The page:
He further cited section 6, which when read in natural continuity from sections 4 and 5, appears to suggest that one’s reception of Communion is allowed simply due to having listened to God’s word. Furthermore, the papal text argues that even the simple presence at Mass – regardless of adhering to the Catholic faith or not – is an expression of listening to God’s word, and consequently a justification for receiving Communion. 

“What is certain is that all our communions in the Body and Blood of Christ were desired by him at the Last Supper,” wrote Francis.

“The Eucharistic celebration,” wrote Steinmetz, “teaches us the noble exercise of charity, nourishes meekness, leads us to fraternity and respect for all.”

Catholic teaching on reception of Communion

Notwithstanding such arguments drawing from Vatican II and Pope Francis, Catholic teaching is very clear on who is to be permitted to Holy Communion. Catholic moral teaching clearly outlines that the reception of Holy Communion is only for Catholics who have reached the age of reason and who have the proper disposition. 

Canon law notes that Holy Communion is reserved for baptized, who meet the other requirements laid out: “Any baptized person not prohibited by law can and must be admitted to holy communion.”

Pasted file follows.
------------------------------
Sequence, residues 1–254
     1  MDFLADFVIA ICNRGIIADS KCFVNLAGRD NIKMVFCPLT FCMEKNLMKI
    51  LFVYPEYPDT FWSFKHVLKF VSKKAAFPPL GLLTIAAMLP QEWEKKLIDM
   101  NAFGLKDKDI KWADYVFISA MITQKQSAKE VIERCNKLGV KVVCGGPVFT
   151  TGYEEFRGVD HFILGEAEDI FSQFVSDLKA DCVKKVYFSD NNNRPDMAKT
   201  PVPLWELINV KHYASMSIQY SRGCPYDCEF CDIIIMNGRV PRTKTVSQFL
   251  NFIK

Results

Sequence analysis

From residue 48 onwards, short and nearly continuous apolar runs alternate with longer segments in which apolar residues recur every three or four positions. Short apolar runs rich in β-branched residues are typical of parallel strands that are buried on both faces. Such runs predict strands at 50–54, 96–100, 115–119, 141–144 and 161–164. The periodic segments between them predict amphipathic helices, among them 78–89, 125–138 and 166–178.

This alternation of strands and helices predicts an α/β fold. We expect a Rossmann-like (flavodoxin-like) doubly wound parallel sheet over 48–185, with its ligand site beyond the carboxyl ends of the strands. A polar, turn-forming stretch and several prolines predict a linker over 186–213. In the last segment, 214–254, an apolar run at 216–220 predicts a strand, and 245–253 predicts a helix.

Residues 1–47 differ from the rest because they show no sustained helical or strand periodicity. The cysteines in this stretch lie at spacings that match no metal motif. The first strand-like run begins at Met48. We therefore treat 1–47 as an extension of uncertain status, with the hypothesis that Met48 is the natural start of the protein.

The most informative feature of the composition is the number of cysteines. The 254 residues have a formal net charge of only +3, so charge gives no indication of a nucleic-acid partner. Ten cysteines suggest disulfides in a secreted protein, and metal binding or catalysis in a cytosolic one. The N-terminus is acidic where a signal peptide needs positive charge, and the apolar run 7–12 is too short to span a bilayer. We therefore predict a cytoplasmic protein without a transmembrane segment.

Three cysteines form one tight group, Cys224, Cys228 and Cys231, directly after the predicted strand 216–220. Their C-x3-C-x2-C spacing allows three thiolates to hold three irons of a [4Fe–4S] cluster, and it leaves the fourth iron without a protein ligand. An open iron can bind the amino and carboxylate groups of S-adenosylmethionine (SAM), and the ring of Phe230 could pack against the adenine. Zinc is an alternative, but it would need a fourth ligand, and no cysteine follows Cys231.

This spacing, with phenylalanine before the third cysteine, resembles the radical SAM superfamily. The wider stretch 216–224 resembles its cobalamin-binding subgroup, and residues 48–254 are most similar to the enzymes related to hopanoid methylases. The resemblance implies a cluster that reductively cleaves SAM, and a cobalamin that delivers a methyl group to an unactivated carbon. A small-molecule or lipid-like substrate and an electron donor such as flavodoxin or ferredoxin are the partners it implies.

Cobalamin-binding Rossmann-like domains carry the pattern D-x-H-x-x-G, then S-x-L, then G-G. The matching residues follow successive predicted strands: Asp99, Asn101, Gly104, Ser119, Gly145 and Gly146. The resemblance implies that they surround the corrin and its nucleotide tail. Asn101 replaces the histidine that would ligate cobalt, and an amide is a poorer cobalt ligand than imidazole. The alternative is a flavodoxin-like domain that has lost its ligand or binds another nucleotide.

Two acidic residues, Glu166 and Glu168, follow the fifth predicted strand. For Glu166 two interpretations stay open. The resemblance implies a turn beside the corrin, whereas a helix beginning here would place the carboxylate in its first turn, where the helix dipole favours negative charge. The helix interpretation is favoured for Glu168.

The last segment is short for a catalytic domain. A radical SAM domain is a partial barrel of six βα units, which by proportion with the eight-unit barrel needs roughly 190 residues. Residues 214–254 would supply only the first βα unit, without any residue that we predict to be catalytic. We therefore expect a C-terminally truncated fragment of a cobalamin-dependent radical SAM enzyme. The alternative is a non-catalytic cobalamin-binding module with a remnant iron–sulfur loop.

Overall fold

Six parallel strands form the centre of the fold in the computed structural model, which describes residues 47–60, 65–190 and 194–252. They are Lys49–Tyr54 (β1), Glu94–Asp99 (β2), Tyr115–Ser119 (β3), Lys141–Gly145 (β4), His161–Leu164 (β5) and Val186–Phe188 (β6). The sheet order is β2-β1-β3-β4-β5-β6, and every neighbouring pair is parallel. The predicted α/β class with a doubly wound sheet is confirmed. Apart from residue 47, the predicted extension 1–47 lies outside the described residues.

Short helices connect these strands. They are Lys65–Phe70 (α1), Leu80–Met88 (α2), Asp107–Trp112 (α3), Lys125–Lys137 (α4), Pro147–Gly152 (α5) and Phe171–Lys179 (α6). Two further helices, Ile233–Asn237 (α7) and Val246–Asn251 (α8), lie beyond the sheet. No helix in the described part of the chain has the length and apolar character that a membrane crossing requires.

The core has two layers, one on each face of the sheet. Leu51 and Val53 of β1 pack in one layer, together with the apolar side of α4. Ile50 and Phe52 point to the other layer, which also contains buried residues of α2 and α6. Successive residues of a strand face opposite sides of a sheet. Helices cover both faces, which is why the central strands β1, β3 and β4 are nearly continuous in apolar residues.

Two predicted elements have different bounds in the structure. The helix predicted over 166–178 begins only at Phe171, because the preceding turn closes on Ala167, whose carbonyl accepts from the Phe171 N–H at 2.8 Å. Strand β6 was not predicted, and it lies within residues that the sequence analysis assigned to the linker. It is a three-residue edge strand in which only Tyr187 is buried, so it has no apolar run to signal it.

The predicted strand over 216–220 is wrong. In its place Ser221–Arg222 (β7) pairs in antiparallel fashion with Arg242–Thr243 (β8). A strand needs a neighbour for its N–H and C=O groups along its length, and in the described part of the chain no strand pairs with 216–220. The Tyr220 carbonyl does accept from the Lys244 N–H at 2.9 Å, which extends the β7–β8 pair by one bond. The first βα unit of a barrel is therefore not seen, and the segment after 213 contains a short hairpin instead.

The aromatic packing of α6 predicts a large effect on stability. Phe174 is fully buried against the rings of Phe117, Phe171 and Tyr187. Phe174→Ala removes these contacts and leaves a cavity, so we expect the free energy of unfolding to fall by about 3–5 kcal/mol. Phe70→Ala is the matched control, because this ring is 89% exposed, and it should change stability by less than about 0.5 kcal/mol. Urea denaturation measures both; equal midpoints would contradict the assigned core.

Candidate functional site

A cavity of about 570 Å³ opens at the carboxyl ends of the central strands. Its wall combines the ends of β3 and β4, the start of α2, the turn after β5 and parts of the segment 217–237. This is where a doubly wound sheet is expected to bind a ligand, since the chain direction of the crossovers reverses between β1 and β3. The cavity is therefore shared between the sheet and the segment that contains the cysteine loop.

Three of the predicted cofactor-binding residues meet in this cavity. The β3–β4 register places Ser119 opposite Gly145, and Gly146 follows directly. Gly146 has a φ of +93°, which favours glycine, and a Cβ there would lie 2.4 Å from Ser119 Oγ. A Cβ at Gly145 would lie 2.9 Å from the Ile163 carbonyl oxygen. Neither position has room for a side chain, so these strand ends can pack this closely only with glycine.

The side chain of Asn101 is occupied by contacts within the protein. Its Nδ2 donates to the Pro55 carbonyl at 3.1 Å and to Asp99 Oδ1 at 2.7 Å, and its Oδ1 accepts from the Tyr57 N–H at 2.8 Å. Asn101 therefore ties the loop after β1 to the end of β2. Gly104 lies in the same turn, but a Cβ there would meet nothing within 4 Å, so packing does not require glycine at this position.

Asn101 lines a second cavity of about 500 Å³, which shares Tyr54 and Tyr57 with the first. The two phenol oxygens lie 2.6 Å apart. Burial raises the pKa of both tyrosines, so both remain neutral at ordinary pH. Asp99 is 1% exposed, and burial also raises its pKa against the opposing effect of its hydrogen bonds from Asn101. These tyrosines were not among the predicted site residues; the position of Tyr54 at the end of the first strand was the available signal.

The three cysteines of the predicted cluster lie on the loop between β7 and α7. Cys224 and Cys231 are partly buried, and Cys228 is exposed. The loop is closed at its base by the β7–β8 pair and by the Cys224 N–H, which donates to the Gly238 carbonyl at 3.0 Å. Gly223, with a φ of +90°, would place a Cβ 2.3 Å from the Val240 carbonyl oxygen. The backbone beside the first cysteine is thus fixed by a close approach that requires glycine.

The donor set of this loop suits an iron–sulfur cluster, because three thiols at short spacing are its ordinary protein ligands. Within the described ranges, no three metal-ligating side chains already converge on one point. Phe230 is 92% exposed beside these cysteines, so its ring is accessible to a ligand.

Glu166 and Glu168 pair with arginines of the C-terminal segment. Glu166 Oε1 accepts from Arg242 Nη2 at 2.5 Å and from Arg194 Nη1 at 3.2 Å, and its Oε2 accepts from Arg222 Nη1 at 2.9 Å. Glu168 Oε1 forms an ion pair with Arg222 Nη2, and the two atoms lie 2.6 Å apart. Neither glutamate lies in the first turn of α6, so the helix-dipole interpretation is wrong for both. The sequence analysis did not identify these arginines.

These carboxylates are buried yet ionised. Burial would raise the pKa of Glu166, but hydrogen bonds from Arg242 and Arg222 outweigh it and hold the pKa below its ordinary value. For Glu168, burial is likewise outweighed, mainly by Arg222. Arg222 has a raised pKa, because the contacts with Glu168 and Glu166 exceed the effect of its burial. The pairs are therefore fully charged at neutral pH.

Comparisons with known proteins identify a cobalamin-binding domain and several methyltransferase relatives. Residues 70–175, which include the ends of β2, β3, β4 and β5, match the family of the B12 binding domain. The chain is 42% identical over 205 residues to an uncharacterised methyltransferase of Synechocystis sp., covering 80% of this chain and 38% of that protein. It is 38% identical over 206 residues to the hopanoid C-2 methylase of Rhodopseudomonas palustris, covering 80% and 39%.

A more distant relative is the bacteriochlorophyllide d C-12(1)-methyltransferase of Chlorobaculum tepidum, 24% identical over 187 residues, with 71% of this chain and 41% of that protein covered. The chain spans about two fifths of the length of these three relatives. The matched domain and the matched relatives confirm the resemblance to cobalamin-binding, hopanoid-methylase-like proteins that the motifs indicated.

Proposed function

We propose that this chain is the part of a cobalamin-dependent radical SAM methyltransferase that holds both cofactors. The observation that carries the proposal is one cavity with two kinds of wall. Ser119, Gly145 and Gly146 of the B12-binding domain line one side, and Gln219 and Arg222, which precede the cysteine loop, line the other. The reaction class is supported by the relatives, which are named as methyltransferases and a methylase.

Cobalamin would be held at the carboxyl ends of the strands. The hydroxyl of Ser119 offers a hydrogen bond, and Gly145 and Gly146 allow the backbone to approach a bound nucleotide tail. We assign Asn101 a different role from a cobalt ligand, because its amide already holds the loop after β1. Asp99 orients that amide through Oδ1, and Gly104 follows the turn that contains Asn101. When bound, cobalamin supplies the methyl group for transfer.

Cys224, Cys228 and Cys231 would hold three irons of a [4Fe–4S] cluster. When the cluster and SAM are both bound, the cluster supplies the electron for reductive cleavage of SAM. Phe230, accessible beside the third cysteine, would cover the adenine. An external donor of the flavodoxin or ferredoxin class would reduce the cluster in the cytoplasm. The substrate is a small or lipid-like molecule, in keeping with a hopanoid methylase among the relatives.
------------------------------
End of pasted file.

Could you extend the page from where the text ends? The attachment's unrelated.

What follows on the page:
Moral theologian Fr. John Laux outlines the necessary dispositions for Catholics as being: 

  • Free from mortal sin, and to have the sincere purpose of avoiding venial sin.
  • Receiving Communion without vanity or for “merely human motives” but to please God.
  • Proper preparation, including the prescribed time of fasting. 

The Vatican’s 2004 Redemptionis Sacramentum further states that “Catholic ministers licitly administer the Sacraments only to the Catholic faithful, who likewise receive them licitly only from Catholic ministers, except for those situations for which provision is made in can. 844 §§ 2,3, and 4, and can. 861 § 2.”

The canons mentioned pertain to the distribution of Holy Communion to those in the Eastern Churches, and to those in danger of death, and does not permit the possibility of distributing Communion to practicing Muslims.